Agate Fossil Beds
Administrative History
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YEARS OF EXPECTATIONS, 1966-1970 (continued)

Land Acquisition Program Begins, 1966

Joseph T. Shubert of the San Francisco Planning and Service Center completed staff appraisals of all authorized Agate Fossil Beds National Monument lands on June 8, 1966, and an appropriation from the Land and Water Conservation Fund covering $231,200 for land acquisition came the same month. [25] Unfortunately, little progress in acquisition negotiations transpired during the remainder of the year.

Senator Roman Hruska's behind-the-scene efforts secured the land acquisition appropriation. At the same time, the Senate Appropriations Committee also authorized $137,200 to begin construction at Agate. In a letter to Mrs. Cook, Hruska states, "It is a real pleasure to be able to give you this news, which means the first long step towards making the Monument a physical reality." [26]

During the annual meeting of the Agate Fossil Beds National Monument Association on October 3, the group discussed the formal dedication ceremony in the context of the Nebraska centennial celebration. As Richard Holder stressed, however, the dedication of the national monument depended on a successful land acquisition program. [27]

Realty Specialist Gene Lyttle arrived on October 31 for a week of negotiations with landowners, all except three of the heirs of the Cook estate who lived outside the area. Official letters followed Lyttle's visit. The letters restated the government's offer and requested the landowners to take prompt action. [28] In early fall of 1966, George Hoffman, "our landowner of chief concern," underwent extensive surgery for the removal of stomach ulcers. Although personally unfortunate, Holder believed the long convalescence would convince Hoffman that his "active days of ranching are over." [29] None of the ranchers, including George and Margaret Hoffman*, were going to be pushed into a speedy settlement. By the end of the year, not a single landowner had responded to the Federal acquisition offer, and the only tangible result of the construction and development programmed for fiscal 1967 was the purchase of the temporary visitor center. [30]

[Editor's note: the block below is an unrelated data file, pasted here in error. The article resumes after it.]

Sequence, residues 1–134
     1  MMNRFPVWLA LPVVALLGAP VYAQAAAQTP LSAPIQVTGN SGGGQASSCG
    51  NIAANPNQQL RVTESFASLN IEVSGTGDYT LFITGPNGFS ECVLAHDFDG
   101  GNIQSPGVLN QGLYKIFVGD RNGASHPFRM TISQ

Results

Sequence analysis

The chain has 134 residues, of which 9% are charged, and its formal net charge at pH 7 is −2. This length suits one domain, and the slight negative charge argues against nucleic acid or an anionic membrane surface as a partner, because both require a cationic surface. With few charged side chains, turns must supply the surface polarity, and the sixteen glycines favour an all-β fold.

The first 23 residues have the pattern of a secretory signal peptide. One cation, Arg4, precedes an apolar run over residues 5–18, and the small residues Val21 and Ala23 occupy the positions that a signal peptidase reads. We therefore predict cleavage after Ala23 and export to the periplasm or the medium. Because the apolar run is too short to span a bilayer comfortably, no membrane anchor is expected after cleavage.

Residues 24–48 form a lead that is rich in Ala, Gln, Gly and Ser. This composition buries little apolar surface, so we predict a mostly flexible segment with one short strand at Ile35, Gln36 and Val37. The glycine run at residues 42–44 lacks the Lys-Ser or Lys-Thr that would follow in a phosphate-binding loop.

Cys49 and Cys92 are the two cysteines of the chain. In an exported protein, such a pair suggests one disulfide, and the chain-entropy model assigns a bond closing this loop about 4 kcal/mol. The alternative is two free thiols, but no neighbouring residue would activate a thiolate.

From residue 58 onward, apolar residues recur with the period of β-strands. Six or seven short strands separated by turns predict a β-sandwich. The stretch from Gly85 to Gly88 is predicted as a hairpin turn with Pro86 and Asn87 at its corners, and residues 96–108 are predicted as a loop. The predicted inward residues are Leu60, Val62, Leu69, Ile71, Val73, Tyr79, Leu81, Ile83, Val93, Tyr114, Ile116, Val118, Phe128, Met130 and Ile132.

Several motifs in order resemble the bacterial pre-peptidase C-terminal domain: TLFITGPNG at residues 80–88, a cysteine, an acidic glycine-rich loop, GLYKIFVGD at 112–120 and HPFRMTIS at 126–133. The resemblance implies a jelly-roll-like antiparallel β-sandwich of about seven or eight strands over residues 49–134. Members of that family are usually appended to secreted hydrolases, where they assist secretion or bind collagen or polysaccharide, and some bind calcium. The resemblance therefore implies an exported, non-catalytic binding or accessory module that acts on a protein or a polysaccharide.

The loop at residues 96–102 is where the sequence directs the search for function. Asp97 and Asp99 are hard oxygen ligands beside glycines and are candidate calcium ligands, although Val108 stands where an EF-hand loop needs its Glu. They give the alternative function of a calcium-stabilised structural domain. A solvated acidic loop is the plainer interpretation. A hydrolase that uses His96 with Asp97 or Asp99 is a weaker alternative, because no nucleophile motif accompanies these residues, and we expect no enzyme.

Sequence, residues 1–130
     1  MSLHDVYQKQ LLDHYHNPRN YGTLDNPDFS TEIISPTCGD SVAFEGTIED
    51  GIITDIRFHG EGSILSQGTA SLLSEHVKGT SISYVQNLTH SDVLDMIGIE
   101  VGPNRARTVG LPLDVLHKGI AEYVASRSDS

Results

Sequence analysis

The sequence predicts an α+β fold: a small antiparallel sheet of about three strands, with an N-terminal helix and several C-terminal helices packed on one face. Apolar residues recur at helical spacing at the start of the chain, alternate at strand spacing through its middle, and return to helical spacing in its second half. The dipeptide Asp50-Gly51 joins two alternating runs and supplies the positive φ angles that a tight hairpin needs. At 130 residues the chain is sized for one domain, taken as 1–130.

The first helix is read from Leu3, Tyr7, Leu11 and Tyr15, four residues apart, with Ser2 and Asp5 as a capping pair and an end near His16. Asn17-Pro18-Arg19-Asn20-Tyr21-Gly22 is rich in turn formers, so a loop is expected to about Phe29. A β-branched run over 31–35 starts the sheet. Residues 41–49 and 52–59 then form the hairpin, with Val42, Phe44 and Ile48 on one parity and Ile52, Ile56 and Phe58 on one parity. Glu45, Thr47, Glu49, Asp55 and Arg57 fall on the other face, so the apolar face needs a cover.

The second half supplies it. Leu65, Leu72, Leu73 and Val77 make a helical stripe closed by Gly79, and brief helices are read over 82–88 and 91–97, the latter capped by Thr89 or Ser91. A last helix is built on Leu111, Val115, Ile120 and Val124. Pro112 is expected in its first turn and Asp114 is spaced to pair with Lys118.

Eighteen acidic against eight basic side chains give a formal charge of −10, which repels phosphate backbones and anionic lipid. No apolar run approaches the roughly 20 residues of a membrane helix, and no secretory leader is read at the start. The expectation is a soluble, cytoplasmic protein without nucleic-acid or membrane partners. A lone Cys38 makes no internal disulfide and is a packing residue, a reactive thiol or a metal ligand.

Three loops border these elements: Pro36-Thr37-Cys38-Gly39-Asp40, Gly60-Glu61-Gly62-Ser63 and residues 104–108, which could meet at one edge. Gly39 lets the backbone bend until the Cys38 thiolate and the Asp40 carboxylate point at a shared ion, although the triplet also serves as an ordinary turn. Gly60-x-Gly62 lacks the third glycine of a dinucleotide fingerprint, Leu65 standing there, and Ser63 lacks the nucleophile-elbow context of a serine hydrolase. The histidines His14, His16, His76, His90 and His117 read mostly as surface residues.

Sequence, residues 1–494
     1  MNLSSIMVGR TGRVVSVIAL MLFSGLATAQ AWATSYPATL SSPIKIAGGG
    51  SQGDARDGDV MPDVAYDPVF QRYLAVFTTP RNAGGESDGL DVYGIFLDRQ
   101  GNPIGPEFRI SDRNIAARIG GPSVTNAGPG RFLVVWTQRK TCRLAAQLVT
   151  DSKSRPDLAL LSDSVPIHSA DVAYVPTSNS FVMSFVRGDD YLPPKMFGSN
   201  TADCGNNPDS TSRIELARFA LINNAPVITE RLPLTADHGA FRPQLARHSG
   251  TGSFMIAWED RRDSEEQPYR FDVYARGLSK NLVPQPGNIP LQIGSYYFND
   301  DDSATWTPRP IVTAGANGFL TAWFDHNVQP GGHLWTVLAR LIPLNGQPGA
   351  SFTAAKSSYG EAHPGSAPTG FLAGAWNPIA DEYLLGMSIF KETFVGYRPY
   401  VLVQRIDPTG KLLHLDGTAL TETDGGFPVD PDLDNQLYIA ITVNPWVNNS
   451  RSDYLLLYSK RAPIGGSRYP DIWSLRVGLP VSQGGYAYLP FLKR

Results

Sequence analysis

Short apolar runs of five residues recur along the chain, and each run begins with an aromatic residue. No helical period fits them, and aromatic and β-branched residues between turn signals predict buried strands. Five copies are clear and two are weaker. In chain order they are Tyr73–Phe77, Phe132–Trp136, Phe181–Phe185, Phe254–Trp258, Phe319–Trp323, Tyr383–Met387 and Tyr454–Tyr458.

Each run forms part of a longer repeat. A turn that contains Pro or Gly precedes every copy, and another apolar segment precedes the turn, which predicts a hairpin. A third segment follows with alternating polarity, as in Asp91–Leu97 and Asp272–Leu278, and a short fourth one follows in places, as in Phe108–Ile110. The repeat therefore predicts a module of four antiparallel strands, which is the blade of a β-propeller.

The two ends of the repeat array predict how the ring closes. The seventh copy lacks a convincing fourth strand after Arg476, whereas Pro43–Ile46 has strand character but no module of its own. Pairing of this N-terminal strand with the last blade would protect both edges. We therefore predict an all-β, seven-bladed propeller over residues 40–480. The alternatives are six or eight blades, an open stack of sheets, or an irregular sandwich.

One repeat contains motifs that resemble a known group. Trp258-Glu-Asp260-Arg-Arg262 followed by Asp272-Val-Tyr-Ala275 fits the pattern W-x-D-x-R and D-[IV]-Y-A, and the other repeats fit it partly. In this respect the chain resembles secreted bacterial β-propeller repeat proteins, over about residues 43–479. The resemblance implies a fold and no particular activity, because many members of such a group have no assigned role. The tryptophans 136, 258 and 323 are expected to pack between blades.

*While Margaret Hoffman favored selling, accepting a life tenancy, and traveling, her husband did not want to quit working and become inactive. Margaret C. Cook's opinion was that George Hoffman merely was holding out for a better price, an attitude later characterized as "ungenerous" and "unkind." See Mrs. Grayson E. (Dorothy Cook) Meade, interview with author, Agate Springs Ranch, 22 May 1986, transcript, pp. 10-11.

By February 1967, no settlements had been made. Gene Lyttle revisited the area in early March to conduct a number of "final" face-to-face negotiations. [31] On March 6 and 7, Lyttle met with the Hoffmans and Mrs. Cook. While the Hoffmans made no commitment, Margaret Cook signed over all rights and interests to the quarries. [32] When Lyttle returned on April 11 and 12 to conduct additional conferences, he met with success. Both the Hoffmans and Mrs. Cook signed options which were then forwarded to Washington for review. Other ranchers linked their intention to sign upon the success of the Hoffman deal, [33] which came after a fourth Lyttle visit on May 9, 1967. The land acquisition success chart looked like this:

Tract No. 1Hoffman(fee)
9Skavdah(scenic easement)
5 & 6Morgan(road easement/fee)
2Margaret Cook(life estate)

Still under negotiation were various remaindermen interests in Tract Nos. 1, 2, 3, and 7. The only immediate obstacle was the Cook parcel (Tract No. 2) as the construction program hinged on its settlement. While Tract No. 2 was soon settled, Tract Nos. 3 and 7, representing the ranch headquarters of the Cook estate, remained outstanding throughout 1967.

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Last Updated: 12-Feb-2003